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Otitis media is the most common outpatient pediatric diagnosis. There are approximately 25 million office visits for this condition in the U.S., with direct costs greater than $5 billion per year.1 Otitis media is inflammation of the space of the middle ear. Otitis media is a general term that has been used to describe multiple disorders of the middle ear, including acute otitis media, chronic otitis media, and otitis media with effusion. This chapter discusses acute otitis media, otitis media with effusion, otitis externa, and acute mastoiditis.

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Acute Otitis Media

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Epidemiology

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Otitis media accounts for 13% of all visits (including children and adults) to U.S. EDs.2 Accurate data on the true incidence of acute otitis media are lacking, as previous surveys have not made the distinction between acute otitis media, otitis media with effusion, and eustachian tube dysfunction. There is considerable overlap between presenting signs and symptoms of upper respiratory illnesses and acute otitis media, especially in the preverbal child.

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The peak incidence of otitis media is between 6 and 18 months of age.3 In the U.S., up to 50% of children will have had at least one episode of acute otitis media by the age of 1 year.1 The incidence is higher in children who are Native Americans, Eskimos, males, day care attendees, exposed to tobacco smoke, born with craniofacial anomalies, prone position sleepers, pacifier users, diagnosed with their first episode of acute otitis media at <6 months, or born with immunodeficiency syndromes.1,3 The incidence is lower in infants who are breastfed.1

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Acute otitis media spontaneously resolves in most cases.4 Acute otitis media and the development of otitis media with effusion may be natural occurrences as the anatomy and immune system develop in the pediatric population. Environmental insults, such as tobacco smoke, lack of breastfeeding, and exposure to children in day care who frequently receive antibiotics, may lead to episodes that would not otherwise occur. Prevention of the disease burden is possible through the use of newer vaccines such as the contemporary pneumococcal vaccine that includes protection from seven serotypes of Streptococcus pneumoniae.5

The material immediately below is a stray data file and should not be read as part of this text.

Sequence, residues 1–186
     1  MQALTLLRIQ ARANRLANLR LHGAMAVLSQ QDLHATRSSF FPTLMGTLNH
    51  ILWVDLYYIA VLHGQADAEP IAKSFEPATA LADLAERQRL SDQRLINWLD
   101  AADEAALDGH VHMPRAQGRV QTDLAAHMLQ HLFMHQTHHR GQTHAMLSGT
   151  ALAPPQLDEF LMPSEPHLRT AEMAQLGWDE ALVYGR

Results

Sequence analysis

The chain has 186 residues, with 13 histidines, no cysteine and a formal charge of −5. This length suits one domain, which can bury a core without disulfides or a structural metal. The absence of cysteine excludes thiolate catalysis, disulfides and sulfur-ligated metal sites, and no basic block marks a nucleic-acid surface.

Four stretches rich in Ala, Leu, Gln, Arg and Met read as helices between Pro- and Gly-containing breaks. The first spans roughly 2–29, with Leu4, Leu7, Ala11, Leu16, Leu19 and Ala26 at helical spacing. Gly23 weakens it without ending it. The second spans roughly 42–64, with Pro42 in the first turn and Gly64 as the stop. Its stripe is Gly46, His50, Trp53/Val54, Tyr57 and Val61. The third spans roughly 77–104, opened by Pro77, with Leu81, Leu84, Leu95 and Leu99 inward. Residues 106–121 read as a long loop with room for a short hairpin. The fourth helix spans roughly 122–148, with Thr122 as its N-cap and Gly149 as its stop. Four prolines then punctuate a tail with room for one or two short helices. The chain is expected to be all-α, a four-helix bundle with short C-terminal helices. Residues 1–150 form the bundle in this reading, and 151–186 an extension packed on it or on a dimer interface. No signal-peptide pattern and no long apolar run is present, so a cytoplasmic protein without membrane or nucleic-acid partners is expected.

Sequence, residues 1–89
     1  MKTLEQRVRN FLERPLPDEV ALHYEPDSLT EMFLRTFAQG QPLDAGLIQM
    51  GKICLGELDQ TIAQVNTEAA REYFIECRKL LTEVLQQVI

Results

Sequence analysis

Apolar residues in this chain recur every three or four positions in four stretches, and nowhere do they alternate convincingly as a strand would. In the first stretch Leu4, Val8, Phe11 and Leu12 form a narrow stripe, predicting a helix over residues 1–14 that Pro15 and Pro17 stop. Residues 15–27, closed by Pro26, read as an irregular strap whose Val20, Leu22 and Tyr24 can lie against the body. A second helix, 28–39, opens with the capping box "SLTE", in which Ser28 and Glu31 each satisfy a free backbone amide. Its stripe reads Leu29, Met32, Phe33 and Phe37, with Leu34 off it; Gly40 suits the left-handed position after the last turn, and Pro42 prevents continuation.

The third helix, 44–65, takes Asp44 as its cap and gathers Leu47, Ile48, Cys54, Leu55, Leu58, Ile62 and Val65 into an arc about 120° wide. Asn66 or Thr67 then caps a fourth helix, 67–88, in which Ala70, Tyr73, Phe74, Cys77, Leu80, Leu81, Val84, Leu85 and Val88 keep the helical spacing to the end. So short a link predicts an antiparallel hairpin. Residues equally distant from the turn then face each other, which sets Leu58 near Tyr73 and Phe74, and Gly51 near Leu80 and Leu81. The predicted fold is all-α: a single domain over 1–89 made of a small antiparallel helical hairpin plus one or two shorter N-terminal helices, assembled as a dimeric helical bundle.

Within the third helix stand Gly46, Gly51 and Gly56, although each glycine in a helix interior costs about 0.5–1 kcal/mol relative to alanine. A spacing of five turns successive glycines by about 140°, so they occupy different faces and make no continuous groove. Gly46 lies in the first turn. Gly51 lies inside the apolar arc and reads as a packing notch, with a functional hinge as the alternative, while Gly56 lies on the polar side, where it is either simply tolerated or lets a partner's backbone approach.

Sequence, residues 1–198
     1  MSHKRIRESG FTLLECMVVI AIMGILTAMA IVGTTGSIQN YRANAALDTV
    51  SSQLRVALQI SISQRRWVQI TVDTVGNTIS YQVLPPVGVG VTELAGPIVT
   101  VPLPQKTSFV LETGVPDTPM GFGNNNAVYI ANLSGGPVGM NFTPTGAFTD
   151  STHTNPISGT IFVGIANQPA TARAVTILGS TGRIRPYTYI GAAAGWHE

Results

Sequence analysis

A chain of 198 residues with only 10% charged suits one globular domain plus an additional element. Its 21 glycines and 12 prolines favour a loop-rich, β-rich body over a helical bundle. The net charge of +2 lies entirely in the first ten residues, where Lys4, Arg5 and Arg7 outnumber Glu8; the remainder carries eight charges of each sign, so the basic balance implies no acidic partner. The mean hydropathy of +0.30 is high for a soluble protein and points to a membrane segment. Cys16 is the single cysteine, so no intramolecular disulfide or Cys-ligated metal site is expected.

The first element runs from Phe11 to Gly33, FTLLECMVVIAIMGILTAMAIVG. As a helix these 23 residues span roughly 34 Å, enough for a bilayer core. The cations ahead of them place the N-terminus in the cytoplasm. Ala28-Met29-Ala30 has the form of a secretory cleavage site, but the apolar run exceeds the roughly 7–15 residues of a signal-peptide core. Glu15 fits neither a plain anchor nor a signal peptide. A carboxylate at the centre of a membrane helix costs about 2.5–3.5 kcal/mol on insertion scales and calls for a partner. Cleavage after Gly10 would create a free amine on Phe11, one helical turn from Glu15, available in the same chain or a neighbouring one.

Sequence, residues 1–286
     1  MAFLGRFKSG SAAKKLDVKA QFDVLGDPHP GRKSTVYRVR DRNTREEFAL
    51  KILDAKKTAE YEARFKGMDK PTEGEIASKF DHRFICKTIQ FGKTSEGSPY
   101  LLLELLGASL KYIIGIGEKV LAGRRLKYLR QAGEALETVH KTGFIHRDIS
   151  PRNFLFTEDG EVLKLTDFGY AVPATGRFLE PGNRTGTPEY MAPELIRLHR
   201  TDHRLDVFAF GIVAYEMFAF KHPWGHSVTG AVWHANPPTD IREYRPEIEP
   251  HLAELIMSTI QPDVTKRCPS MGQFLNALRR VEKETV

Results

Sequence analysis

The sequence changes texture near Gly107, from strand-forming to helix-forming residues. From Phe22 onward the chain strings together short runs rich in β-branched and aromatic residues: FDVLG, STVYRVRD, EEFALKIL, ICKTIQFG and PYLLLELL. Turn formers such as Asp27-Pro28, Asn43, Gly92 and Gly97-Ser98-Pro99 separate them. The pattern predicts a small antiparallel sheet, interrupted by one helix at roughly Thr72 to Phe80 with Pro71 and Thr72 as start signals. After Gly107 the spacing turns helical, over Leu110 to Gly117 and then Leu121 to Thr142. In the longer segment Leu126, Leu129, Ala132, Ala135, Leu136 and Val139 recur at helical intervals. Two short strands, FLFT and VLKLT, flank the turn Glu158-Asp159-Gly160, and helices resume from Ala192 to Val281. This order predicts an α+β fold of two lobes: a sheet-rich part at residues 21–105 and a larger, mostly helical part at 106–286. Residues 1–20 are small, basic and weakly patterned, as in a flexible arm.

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Pathophysiology

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The middle ear is a laterally compressed cavity within the temporal bone bounded by the tympanic membrane laterally and the eustachian tube medially. In the healthy state, this space is aerated and contains the ossicular chain, which serves to transmit sound energy to the inner ear. In children, as compared with adults, the eustachian tube is shorter and more horizontally oriented. This orientation is the anatomic rationale for the increased incidence of disease seen in children. An upper respiratory tract infection can obstruct the eustachian tube and disrupt its function of aerating the middle ear. Thus, an obstructed eustachian tube prevents equilibration of air pressure between the middle ear and the atmosphere and creates conditions favorable to the development of sterile or purulent effusions.

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